Today, Ag Leader announced new fall features added to its full-farm connectivity platform, AgFiniti, bringing an even higher level of in-season visibility to growers and trusted advisors.

“For the past several years, we’ve been building upon our AgFiniti platform with the goal to make the right information available to our customers anytime and anywhere. This means flowing information throughout the operation and across machines, devices and seasons. These announcements mark the next step in that vision,” said Corey Weddle, Director of Software Solutions.

Live stats across displays and devices
Last year, AgFiniti pushed display-to-display communication to an unprecedented level of ease and availability with the DisplayCast feature for InCommand displays. This fall, customers can share even more information in real-time across displays and other connected devices like tablets and cellphones. Live stats including yield, moisture, rate, population, speed, location, container level and more, can easily be shared across displays and devices.

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Yield monitor considerations

By John Fulton (FABE Associate Professor), Elizabeth Hawkins (OSUE Field Specialist, Agronomic Systems) and Richard Colley III (Digital Ag Program Manager)

Harvest has started here in Ohio but it is good to remember to make sure your yield monitor is setup and calibrated properly. Geo-referenced yield data (i.e. yield maps) are being used more frequently to provide precision agriculture insights and recommendations at the field level. Yield maps not only help growers understand end-of-year performance within fields, but also can be used to characterize in-field variation. Information about this variation is often used by service providers to deliver prescriptions, recommendations, or other information back to the farmer. Because yield maps continue to be an important data layer to learn from and help drive changes or decisions at a field level, proper management of the yield monitor is critical to generate accurate and reliable yield data. Grain moisture and test weight, along with grain flow through the combine, will vary within passes and across fields.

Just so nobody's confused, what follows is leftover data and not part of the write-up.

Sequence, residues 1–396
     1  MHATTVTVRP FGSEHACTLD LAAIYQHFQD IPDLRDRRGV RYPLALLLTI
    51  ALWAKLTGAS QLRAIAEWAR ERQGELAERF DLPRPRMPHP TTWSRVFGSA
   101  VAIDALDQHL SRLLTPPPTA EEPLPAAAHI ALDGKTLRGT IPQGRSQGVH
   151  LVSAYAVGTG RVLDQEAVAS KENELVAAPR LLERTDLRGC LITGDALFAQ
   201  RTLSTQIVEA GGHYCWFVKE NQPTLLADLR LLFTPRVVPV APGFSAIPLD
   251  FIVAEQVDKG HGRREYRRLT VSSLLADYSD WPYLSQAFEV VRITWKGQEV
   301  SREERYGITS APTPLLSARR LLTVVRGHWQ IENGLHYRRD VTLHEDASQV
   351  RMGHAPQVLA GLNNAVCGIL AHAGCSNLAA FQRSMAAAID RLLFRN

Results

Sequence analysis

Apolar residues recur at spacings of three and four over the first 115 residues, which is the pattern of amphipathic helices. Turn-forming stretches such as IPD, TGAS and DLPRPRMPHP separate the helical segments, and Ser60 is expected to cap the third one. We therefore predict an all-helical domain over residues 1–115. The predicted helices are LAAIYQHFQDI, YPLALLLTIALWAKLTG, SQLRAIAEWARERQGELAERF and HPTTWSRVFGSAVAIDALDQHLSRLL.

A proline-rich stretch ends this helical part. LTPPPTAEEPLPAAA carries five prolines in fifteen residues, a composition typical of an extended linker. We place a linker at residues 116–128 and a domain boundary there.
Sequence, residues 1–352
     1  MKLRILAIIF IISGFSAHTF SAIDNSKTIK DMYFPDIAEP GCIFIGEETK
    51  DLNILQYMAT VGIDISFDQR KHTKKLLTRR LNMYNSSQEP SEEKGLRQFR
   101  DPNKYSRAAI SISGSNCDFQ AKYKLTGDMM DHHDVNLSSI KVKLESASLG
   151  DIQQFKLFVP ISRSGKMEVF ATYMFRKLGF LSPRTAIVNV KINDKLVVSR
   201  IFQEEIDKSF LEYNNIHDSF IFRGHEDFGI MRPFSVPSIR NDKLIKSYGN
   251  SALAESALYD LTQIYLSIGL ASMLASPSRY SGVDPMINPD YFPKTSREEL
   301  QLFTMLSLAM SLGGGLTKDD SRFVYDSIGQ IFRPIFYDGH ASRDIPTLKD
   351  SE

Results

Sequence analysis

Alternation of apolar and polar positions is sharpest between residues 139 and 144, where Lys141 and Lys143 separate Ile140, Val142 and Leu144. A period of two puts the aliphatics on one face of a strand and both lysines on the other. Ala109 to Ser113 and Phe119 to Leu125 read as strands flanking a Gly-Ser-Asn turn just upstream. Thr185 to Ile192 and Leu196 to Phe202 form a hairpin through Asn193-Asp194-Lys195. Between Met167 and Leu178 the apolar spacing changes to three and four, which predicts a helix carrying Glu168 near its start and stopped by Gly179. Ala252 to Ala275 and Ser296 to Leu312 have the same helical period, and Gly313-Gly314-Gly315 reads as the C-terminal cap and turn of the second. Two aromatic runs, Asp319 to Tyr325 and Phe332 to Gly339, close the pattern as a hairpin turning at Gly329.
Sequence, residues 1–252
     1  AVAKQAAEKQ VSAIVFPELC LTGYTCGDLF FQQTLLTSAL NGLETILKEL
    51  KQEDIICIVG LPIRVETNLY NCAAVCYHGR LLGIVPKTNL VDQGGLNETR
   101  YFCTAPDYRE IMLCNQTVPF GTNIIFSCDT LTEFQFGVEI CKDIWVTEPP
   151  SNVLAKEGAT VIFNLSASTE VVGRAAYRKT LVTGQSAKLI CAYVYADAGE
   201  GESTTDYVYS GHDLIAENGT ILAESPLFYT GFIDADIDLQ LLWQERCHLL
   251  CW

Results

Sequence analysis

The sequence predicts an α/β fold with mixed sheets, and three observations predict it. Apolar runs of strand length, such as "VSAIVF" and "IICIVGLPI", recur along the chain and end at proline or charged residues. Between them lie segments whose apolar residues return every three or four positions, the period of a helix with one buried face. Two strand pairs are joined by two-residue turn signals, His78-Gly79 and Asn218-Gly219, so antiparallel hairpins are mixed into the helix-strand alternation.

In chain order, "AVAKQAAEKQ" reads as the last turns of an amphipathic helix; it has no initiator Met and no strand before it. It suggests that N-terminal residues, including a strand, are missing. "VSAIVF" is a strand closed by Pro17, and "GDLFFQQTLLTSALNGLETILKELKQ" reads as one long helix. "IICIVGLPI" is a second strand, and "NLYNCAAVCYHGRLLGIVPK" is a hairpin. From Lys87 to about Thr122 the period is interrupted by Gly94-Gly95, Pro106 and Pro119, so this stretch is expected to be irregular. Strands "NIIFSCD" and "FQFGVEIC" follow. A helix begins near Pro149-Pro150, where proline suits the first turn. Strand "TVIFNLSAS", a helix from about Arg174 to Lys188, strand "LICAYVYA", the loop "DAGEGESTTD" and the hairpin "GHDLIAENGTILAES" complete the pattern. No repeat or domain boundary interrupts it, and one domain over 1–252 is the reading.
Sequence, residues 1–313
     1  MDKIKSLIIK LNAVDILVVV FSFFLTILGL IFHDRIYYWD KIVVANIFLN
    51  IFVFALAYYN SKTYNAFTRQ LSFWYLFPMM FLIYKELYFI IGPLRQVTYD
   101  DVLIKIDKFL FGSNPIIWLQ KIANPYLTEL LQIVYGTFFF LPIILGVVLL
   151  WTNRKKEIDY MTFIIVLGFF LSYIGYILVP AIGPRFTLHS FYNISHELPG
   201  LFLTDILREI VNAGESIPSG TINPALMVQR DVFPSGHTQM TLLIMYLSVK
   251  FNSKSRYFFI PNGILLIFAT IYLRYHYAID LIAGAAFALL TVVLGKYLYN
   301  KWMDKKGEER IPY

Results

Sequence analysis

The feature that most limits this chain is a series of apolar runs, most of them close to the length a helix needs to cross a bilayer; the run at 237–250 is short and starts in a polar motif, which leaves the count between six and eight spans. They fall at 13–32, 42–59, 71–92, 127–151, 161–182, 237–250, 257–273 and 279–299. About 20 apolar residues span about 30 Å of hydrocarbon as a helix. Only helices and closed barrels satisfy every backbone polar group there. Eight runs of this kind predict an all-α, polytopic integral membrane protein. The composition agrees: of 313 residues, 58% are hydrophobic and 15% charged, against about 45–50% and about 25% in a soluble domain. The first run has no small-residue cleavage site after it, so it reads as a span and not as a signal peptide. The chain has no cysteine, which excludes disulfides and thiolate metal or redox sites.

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Case IH launches limited-edition 50 Series axial-flow combine

To commemorate the rich legacy of Axial-Flow combines, Case IH is excited to launch the 50 series Axial-Flow combine lineup with a special-edition 150 series combine. The 150 series combine features International Harvester heritage styling, color schemes and decals reminiscent of the first Axial-Flow combine in 1977. The memorable white cab top and tire rims give way to the latest harvest advancements to help producers put more grain in the tank.

The productivity enhancements of the legendary single rotor technology, Cross-Flow cleaning system and 2-speed electric shift transmission enable the 150 series combine to handle varying harvest conditions and crop types.

“We’re excited to bring back the retro stylings of the 1977 International Harvester Axial-Flow combines, now paired with productivity enhancements desired to help today’s producers harvest more of what they grow,” said Kelly Kravig, Case IH harvesting marketing manager. “For older generation farmers, this combine is a throwback to their earlier farming days.

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Corn-counting robot earns top recognition at leading robotics conference

Today’s crop breeders are trying to boost yields while preparing crops to withstand severe weather and changing climates. To succeed, they must locate genes for high-yielding, hardy traits in crop plants’ DNA. A robot developed by the University of Illinois to find these proverbial needles in the haystack was recognized by the best systems paper award at Robotics: Science and Systems, the preeminent robotics conference held last week in Pittsburgh.

“There’s a real need to accelerate breeding to meet global food demand,” said principal investigator Girish Chowdhary, an assistant professor of field robotics in the Department of Agricultural and Biological Engineering and the Coordinated Science Lab at Illinois. “In Africa, the population will more than double by 2050, but today the yields are only a quarter of their potential.”